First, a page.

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Prosecution to decide if 86-year-old former house master at Co Antrim girls' training school should face retrial


Stock Image: The judge dismissed the jury.

Stock Image: The judge dismissed the jury.

Stock Image: The judge dismissed the jury.

The prosecution in the case of an 86-year-old man suffering from dementia will decide next week whether he should face a retrial.

Thomas McNaughten was accused of raping and sexually abusing a teenage girl four decades ago when a house master at a Co Antrim girls' training school.

On Monday, a Belfast Crown Court jury sitting in Antrim reported they could not decide on verdicts on the 14 offences faced by McNaughten, from Princes Avenue in Newtownabbey.

However, the jury of seven men and five women did determine he "did not do the acts complained of" in the case of two other teenage girls who were also resident at the former Whiteabbey girls' training school in the late 1970s to mid 1980s.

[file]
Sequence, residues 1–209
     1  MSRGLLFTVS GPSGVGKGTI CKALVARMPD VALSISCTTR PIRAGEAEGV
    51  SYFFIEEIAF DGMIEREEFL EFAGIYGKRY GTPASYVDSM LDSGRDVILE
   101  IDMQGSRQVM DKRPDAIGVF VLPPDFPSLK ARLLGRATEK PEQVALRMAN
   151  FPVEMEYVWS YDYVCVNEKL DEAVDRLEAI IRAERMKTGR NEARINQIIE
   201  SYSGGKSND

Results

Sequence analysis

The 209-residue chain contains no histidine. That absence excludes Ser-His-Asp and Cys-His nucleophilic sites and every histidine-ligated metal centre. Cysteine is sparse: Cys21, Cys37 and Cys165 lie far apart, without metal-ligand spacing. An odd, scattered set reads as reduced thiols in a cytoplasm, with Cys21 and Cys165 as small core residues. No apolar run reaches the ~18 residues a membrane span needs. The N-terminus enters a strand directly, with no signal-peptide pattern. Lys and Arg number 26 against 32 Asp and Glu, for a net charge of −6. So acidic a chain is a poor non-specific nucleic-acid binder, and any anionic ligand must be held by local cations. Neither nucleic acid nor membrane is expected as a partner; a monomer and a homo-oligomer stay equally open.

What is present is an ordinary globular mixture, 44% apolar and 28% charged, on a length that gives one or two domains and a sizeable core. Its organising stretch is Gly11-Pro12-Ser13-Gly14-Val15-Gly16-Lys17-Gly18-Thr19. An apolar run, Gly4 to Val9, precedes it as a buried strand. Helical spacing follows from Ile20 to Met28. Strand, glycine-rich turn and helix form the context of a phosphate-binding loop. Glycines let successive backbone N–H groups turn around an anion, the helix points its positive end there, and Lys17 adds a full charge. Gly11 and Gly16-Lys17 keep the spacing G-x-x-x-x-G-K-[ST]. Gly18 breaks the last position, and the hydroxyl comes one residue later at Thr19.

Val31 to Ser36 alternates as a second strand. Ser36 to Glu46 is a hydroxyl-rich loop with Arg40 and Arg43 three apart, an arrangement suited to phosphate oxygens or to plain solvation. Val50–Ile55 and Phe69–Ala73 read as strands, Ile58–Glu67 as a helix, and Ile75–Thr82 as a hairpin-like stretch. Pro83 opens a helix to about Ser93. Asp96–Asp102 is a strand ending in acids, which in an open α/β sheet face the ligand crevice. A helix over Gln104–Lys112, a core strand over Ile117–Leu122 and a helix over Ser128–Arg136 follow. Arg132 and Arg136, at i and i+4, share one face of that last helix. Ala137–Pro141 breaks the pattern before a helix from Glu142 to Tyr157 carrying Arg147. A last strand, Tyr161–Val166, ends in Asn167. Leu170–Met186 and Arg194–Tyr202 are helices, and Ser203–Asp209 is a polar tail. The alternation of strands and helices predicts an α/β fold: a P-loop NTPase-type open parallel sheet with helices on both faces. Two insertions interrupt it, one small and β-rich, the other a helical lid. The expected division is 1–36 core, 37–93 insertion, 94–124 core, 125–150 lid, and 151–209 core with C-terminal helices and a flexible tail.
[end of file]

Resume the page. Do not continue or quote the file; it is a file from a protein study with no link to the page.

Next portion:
Trial Judge Richard Greene QC then dismissed the jury on being told that, even if given more time to discuss matters, they could not reach even majority determinations on the first of 14 charges, one charge of rape, and 13 of indecent assault faced by the pensioner.

Mr McNaughten was not in court to hear the jury's determinations, having been excused throughout the week-long case given his mental capacity and inability to follow proceedings or to instruct counsel.

Prosecution counsel said they would need until next week to decide if the case will be brought before a new jury.

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Should there be a retrial, it will not decide on whether the former house master is guilty of any criminal offence, but rather determine as in the current hearing, given Mr McNaughten's dementia, if he "committed the acts complained of".

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